The Farlex Grammar Book

Let us remember a few definitions:

- a monoid is a set provided with an associative T binary operation admitting a neuter element. Let A = neuter element and XeA. Then, XTA = ATX = X

- a free monoid indicates that there is only a way to express an element XeA.

- starting from an alphabet X = {C,G,A,T...}, we call a language on X (all parts of the free monoid X*), every set of words on X.

The basic question is how a computer program can judge if a sentence is grammatically correct or not. Chomsky proposed the mathematical concept of grammar to formalize this question (Chomsky 1963). At first, there is a mechanism (rules) which produces sentences (sets of words for natural language or sequence of symbols for biological problems). We can now wonder if a given sentence can be produced by the set rules.

So, this kind of grammar consists of a list of symbols and rules of transformation. In the case of the analysis of sequences, we wonder if it comes from a given grammar, that is from given rules of production. Parsing refers to grammatical analysis, to the action of searching for a derivation of the sequence from the grammar. There is also an alignment between the sequence and the grammar. In practice, Chomsky has defined four types of grammars:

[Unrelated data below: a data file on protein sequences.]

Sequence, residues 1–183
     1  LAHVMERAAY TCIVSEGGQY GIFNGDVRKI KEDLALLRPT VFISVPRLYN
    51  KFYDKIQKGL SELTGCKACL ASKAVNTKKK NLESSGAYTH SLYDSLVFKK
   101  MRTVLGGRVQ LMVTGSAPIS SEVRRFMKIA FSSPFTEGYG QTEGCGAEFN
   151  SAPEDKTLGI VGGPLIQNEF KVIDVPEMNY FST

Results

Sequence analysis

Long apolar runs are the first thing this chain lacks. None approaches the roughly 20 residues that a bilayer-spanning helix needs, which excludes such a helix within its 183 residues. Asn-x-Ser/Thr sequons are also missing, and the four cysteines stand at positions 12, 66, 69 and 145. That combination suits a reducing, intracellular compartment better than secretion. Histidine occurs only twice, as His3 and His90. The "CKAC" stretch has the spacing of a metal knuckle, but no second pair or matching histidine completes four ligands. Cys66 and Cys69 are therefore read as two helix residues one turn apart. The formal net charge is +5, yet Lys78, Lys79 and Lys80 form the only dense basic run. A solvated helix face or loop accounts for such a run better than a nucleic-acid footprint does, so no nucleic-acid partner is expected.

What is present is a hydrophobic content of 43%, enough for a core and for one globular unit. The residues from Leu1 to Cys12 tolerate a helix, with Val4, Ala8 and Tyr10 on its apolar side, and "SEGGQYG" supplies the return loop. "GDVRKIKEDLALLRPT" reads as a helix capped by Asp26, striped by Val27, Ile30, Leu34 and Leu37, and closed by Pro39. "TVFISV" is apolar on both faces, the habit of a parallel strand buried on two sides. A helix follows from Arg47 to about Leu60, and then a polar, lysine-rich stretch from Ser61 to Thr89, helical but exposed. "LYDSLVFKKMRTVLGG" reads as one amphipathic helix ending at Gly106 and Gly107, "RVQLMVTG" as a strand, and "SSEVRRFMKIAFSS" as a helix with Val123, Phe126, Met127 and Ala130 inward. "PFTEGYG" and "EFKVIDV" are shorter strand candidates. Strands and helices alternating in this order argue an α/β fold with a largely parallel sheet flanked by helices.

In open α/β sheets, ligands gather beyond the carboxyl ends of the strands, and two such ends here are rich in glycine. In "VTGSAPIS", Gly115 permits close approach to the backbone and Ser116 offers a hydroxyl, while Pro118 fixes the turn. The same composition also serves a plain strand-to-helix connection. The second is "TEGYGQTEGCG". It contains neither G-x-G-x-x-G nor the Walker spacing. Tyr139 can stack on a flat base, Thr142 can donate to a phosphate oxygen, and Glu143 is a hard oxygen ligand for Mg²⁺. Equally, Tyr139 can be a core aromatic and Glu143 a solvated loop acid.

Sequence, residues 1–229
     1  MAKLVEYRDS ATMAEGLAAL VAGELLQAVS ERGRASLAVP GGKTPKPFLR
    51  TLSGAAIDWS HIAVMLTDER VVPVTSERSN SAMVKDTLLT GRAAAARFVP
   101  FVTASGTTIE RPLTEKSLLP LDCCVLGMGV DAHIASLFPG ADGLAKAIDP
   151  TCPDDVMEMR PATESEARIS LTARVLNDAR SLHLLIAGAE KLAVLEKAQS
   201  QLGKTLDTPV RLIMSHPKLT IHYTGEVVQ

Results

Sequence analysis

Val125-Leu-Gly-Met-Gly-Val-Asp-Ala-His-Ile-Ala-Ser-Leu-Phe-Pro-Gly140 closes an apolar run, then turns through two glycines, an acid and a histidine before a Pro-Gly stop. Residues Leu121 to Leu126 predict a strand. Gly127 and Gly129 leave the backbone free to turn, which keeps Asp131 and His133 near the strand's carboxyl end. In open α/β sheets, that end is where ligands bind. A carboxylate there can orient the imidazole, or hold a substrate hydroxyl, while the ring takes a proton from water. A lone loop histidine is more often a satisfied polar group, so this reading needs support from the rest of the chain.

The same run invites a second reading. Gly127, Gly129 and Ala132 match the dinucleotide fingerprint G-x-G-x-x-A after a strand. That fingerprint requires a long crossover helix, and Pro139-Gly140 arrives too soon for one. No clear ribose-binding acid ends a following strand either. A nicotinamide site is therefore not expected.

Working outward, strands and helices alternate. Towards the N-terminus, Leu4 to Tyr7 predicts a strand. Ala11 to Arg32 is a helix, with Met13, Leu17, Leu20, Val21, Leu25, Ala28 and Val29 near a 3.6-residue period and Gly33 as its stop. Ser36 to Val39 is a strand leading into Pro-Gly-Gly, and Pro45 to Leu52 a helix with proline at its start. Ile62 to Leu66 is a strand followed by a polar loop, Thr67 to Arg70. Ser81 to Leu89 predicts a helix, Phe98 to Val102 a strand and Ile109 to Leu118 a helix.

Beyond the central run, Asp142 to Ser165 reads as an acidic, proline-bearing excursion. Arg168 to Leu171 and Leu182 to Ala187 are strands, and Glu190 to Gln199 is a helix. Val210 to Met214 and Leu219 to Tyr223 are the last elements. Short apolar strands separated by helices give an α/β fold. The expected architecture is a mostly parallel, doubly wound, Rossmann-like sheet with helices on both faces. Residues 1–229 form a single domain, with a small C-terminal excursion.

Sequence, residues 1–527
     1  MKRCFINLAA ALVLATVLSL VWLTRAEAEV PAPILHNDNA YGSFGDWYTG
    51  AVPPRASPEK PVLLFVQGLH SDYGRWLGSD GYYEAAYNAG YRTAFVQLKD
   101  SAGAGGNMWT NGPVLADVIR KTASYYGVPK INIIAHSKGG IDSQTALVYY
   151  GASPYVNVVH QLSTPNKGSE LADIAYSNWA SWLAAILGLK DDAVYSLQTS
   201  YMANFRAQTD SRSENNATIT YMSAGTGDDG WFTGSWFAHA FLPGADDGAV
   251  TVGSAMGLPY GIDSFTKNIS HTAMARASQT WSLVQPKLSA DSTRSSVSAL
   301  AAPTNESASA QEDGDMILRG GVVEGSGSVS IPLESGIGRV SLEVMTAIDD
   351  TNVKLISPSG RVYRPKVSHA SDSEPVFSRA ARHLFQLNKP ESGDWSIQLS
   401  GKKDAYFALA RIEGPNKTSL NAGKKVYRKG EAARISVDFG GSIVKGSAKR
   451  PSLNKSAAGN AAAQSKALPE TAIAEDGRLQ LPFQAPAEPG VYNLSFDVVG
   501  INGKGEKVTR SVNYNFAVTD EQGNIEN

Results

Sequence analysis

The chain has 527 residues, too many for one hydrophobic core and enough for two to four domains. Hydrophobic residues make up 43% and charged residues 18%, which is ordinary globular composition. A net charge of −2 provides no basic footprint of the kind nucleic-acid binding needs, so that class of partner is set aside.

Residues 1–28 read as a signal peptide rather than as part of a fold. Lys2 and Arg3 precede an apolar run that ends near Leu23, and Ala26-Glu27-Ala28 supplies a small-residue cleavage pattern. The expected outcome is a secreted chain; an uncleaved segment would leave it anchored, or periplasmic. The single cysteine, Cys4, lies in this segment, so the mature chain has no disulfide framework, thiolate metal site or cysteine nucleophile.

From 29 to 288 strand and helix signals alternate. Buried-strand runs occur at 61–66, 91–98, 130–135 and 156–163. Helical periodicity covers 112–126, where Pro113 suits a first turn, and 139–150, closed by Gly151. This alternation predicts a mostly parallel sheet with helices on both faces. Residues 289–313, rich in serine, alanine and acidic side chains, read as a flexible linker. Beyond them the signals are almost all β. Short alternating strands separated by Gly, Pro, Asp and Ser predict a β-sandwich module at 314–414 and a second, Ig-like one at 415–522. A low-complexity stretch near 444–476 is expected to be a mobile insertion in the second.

- regular grammars

- context-free grammars

- context- sensitive grammars

- unrestricted grammars ('Turing's machine')

For genetic modeling, we are principally interested in regular and context-free grammars (see table I)

A molecular automaton with finite states is a kind of machine with several internal states and possibilities of transition from a state to another one according to rules of production (see HMM, but more general).

TABLE 1. Examples of grammars

Grammar type Regular Context-free (algebraic) Context-sensitive Unrestricted

Grammar example

Automata type w Aw

State finite automata w ^AwU+UwA+C wg+ gwc+d

State and pile automata w1^ACG+Aw2CG;

w2C^Cw2; w2G^w3CGG Cw3^w3C;Aw3^AA w2;Aw3^AA Turing machine

Turing machine

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